Now that I’ve gotten into weaving, people are asking for items in specific lengths and colors. There are several potential problems here. Again, we have the issue with color – what shade?  And then there are concerns with materials – do they want natural, or synthetic? Does it need to be washable with the regular wash, or can it be washed by hand? All of that factors into what kind of yarns I can use – and their prices vary considerably.

As for the length, that is a whole other set of problems. Getting the length exact is impossible, since the item is one length on the loom (which I’d have to keep up with using stitch markers, since the length is wound onto the beam), but another taken off (since it is no longer under tension) and another once wet finished (it usually shrinks). 

The worst commission was from my brother, but that wasn’t a real surprise.  He wanted a rose quartz necklace, hand-linked with sterling silver wire. I had the beads but I had to order the wire. I asked him to send me the money for that in advance – and he didn’t. Christmas was coming, and I was running out of time to make this and get it to him in time. So I went ahead and ordered the wire and made it. He paid me, eventually, but there was a lot of concern if that would even happen.

It would have been better for me not to have made his lack of planning my emergency. 

So from now on, IF I take on a special order, the person will have to sign off on the length and the beads (if a necklace, for instance) in advance. They’ll have to pay half before the item is even started. And when they get it, they have to pay the other half. I’ll have to write up a contract including no alterations.

But in general, it is far easier to not take orders at all, and simply let people buy what I’ve already made.

Basic quilting tips

Quilts don’t have to be hard. Take this for an example. It is 44 x 59 inches. This is a quilt top – the first part of making a quilt.

 The strips are pre-cut. I bought them that way.  That makes it easier. No reason to fool with cutting and measuring when you are first learning.

This is one “jelly roll” of 20 batik fabrics (2 in each color) and one roll of 20 cream strips. “Jelly roll” is one name for precut fabric that is usually 2.5 inches wide by 44 inches long. You can also buy “charm packs” which are 5 inch squares. There are others – “fat quarters” are generally 18×22 inches. I’d recommend waiting on those because you’ll need to get better at cutting fabric since they are too big to use by themselves.  (Well, you could…but you’d have really large blocks of color.)

I’m a big fan of showing that art can be easy and still beautiful. There is zero reason to make it more complicated than necessary, especially when beginning. Look for precuts to start with.

I’ve been to independent shops that sell quilting supplies and they were pretty snotty about precuts.  Beginning quilters have money too. If you don’t have what they need, they’ll never come back when they get better skills. So I bought these fabrics at a major craft store.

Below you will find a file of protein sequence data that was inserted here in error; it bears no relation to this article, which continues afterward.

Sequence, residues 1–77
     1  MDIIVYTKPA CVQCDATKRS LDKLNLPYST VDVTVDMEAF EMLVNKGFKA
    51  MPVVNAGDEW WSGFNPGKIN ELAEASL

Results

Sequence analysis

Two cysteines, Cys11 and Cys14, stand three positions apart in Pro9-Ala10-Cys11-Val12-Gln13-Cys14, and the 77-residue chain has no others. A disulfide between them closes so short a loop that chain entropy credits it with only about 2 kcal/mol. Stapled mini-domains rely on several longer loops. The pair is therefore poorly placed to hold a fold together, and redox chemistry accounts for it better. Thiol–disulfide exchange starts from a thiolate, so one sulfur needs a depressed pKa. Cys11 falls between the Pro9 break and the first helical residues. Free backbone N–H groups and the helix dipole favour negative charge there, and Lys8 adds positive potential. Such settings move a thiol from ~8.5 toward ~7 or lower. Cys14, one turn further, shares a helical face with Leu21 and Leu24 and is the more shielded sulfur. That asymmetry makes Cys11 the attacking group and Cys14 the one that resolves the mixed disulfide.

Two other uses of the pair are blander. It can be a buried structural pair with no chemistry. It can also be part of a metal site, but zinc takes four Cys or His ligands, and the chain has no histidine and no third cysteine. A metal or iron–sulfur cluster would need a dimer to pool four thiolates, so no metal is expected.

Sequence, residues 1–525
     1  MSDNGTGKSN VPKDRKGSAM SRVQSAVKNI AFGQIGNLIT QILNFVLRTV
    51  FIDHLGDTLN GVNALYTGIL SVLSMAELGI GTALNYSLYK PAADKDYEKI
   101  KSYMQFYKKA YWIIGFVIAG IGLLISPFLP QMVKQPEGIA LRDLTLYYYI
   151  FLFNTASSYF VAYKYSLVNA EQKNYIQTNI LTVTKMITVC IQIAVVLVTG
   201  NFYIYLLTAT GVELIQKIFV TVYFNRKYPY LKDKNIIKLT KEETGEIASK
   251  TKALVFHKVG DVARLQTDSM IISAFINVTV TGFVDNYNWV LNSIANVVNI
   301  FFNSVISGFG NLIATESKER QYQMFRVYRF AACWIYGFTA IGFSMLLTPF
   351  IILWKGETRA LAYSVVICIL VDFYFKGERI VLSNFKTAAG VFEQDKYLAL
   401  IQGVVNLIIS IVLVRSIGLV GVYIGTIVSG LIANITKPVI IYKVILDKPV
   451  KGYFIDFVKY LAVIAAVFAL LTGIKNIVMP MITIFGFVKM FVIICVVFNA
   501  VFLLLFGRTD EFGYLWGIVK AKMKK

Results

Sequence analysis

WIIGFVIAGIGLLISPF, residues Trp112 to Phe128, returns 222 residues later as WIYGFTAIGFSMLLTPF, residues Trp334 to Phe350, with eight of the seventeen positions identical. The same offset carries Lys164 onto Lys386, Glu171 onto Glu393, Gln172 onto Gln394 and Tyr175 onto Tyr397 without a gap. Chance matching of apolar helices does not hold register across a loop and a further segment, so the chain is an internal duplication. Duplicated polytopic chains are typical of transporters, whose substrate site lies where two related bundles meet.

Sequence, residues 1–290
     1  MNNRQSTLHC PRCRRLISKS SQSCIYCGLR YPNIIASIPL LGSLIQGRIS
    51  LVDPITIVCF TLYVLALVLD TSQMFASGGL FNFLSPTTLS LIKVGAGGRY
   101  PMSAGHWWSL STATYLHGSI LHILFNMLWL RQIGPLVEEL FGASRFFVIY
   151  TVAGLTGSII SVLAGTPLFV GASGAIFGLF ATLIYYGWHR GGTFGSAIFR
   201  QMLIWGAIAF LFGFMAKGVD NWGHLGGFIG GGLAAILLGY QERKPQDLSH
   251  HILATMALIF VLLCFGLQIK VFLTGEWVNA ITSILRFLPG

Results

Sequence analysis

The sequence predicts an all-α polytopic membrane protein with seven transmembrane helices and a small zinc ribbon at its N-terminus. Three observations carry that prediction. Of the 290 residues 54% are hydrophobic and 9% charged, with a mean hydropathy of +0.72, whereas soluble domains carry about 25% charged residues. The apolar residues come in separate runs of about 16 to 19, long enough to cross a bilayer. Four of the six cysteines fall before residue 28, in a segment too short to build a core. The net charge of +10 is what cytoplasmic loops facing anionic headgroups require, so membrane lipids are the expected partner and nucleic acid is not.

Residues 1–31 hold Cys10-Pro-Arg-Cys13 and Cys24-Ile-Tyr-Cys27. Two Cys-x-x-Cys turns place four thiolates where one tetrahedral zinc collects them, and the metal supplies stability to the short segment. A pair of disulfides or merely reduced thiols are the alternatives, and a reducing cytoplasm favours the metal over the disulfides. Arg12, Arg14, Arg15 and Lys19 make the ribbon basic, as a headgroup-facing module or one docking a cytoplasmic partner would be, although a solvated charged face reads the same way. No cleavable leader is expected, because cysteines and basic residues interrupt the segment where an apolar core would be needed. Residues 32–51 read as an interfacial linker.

I’ve learned that I don’t even need to fuss with binding tape.  I make a “quilt sandwich” with batting, backing, and the top (wrong side up) and sew the 3 together, leaving a gap about 15 inches wide at the bottom.  Once sewn together, I clip the edges, turn the thing inside out and boom, the edges are tidy. Then I sew up the hole where I turned it, then quilt from the middle outward.  I use the machine for all of this. 

Curved quilting safety pins are essential to hold the layers together. You’ll need them at the quilt sandwich phase, then take them out when you turn the fabric, and use them again when you are quilting.

The patterns you sew for quilting can be easy. You don’t have to use a free-motion attachment on your machine – just get used to the idea of moving three layers of material around without getting them bunched up too much. One way of sewing is “stitching in the ditch” – which means sewing along the seams where two fabrics meet. Sometimes that is difficult for beginners, because there are several layers at that point.  It is OK to use the seams as a guide for sewing – so sew ¼ inch away from the seams.  How closely your quilting lines need to be depends on your batting – check what the tag or bag says.  A general rule is that your lines need to be a minimum of 4 inches apart. 

Start quilting in the middle of your quilt, and work outwards. This helps to keep the material from bunching up. It will still happen – just not as much. Puckers are part of the process – and they will become nearly invisible after you wash the quilt.

Don’t do like I did and sew all around the edge after you’ve turned it – and then start quilting.  The thing will pucker and shift in unhappy ways.  Start in the middle and quilt moving out to the edges.  Then, if you want, you can sew all around the edges. 

Making the edges curved looks nicer than square.  You can’t see it on the top photo because it is a quilt top. I’m talking about when you sew the quilt sandwich together. Curve the edges as you sew and see what you think. To me, it makes the quilt look more friendly.